Farmers get paid to let pet dogs herd their sheep

Bearded Collie, Harper, brings the flock home.

TEXT OF STORY

Steve Chiotakis: It was a Scottish Deerhound, a hunting dog, which won the Westminster Dog Show a couple of weeks ago in New York. But the popularity of herding dogs has come a long way in recent years too. We're talking canines such as Australian Shepherds. So some sheep farms now let dog owners rent time with their flocks so their herding dogs can do what they do best.

From Olympia, Washington, Ann Dornfeld reports.


Ann Dornfeld: On this chilly Saturday, half a dozen city-dwellers are lined up with their dogs along a muddy field. The dogs are waiting for their turn to chase a flock of sheep into a tiny pen.

Sylvia Griggs is the facilities manager at Fido's Farm, an 80-acre spread with hundreds of sheep. It's been in operation for seven years. Griggs says business is booming thanks to the growing popularity of herding dogs as pets.

Sylvia Griggs: A large base is mainly Australian Shepherds. People have no clue how active those dogs really are. They're not designed as a pet. The dogs are bred to work, to have a job, and they don't do well if they don't have some type of outlet.

When herding dogs don't have an opportunity to round up livestock, they devote that extra energy to nipping at your kids' heels as they ride their bikes or chewing up the house.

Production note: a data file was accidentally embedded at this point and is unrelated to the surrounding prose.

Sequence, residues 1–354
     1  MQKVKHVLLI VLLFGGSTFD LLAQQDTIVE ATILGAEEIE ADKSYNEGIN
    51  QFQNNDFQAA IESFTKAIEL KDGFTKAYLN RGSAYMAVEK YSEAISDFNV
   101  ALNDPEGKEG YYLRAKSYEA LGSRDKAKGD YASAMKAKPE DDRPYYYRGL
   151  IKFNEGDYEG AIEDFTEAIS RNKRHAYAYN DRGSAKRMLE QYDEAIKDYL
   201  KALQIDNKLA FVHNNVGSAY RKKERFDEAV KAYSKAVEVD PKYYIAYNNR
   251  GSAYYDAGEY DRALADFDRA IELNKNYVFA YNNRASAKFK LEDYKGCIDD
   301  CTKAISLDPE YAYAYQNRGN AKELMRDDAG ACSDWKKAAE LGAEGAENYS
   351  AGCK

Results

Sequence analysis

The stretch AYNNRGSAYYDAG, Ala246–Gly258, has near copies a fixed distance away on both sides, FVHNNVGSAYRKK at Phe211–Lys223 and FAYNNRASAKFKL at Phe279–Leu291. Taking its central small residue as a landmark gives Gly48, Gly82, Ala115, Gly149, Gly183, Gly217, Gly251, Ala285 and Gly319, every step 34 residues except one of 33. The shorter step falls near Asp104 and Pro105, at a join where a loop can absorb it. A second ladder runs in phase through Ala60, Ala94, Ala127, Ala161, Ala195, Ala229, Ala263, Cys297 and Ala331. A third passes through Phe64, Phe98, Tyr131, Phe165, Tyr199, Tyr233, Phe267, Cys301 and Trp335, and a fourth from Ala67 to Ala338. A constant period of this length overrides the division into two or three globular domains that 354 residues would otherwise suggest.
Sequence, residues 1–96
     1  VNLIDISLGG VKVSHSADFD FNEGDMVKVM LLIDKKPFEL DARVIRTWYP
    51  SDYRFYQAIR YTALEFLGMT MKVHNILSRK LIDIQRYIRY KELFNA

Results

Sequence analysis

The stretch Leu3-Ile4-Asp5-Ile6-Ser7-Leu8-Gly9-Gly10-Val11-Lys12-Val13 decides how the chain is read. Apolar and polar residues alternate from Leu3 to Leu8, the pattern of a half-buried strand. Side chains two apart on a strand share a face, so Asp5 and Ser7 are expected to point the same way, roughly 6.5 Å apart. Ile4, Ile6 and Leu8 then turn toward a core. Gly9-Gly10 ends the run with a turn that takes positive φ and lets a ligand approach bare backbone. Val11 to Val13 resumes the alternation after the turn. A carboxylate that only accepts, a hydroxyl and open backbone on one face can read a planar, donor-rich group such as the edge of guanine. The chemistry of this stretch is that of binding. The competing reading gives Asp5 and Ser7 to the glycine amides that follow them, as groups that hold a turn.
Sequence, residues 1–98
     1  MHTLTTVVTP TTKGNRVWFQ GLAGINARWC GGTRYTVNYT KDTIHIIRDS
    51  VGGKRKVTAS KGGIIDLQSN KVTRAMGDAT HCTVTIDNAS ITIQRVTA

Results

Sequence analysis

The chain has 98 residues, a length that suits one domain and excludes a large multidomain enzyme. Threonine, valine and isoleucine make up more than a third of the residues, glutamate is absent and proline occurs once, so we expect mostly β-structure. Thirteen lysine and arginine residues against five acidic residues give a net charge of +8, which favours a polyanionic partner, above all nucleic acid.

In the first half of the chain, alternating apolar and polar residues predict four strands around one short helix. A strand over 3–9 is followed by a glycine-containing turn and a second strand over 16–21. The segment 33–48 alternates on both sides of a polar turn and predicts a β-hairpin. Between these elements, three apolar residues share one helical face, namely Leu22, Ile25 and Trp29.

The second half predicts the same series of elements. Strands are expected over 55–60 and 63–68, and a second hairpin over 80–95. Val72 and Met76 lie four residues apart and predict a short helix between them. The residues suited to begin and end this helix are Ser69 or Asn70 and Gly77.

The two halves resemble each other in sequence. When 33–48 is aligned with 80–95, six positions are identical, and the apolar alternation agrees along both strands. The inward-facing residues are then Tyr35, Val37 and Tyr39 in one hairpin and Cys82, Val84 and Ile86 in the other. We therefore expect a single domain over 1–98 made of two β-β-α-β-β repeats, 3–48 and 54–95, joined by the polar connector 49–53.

Greta Zuercher knows firsthand. She's here with her young Border Collie, Tess.

Greta Zuercher: She destroyed some Oriental carpets -- every single one she chewed the edges. I ended up duct-taping them to the floor to keep her from chewing them.

Dornfeld: How much were those worth?

Zuercher: About $5,000 each.

Today, Zuercher is spending $15 so Tess can spend a day with the sheep. Zuercher lives in a Portland suburb. But she says the two-and-a-half hour drive is worth it. Zuercher says as soon as she got Tess around sheep, it was clear that this dog was born to herd.

Zuercher: It was actually really interesting. I carried her into a packed pen and she had them all in the corner just by looking at them. It was just impressive to me.

Zuercher says Tess' behavior has improved a lot since she started herding. Sylvia Griggs says Fido's Farm now gets more than a dozen customers like Zuercher a day.

Griggs: Basically, it's all word-of mouth! We do very little advertising about the herding.

Other breeds can herd, too. Standard Poodles, Rottweilers and Rhodesian Ridgebacks all have a knack for it, apparently. But if your dog doesn't have a natural herding instinct, Fido's Farm gives lessons for $35 a pop.

In Olympia, Wa., I'm Ann Dornfeld for Marketplace.

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